Friday, June 29, 2012
Got To Believe In Magic (Film Review:Magic Mike)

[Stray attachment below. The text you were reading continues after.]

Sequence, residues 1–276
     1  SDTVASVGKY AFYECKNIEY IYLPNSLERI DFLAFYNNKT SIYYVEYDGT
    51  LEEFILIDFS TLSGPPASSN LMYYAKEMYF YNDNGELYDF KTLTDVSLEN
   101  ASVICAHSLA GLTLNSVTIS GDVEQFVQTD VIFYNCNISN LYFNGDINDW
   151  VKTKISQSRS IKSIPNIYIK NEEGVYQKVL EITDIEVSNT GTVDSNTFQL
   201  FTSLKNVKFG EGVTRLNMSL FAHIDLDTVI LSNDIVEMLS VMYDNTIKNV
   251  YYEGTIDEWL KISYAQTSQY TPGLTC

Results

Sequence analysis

There was no way anyone could stop me from watching "Magic Mike" on its first day. And I knew I would enjoy it, though I was unsure how. Would I like it on a shallow level (beefcake), or will it be camp, or perhaps I would enjoy it as a piece of cinema? And so, I did enjoy myself a lot, because it is a very entertaining movie, a morality tale that never becomes too preachy. Essentially, it is a classic Hollywood American Dream formula film. Magic Mike (Channing Tatum) works multiple jobs, but he really wants to be a custom furniture maker. He stumbles upon a protege, "The Kid," and we see him mentor the kid, and show him the ropes to make it big. There's nothing really fresh in the screenplay, but we still are emotionally invested, mostly from the great acting from the cast, especially Tatum. I now realize that Tatum epitomizes the great modern actor of our times: effortless, relatable, unpretentious, real. In every movie I have seen him, he is always different, always distinct, always effective. Here he is the cocky stripper with the heart of gold, the mentor who comes through. He is the heart of the movie, the one who grows up, the one who carries the same heart heavily, and the one who wraps it all up in the end. The rest of the cast shines, too - Matthew McConaughey is perfect in the Mother Den/Pimp role. You can tell he is having a lot of fun with the project. I was also impressed with Alex Pettyfer - he shows a vulnerability and an "aw shucks" earnestness that was vital for the role. For those who are looking for skin, there's enough and plenty of that, although I thought it was not really titillating from its lack of subtlety. The early evening almost all-women audience seemed to be lapping it up, though. Yes, pun intended. "Magic Mike" is not just a dirty romp - you will not feel too guilty when you wake up in the morning.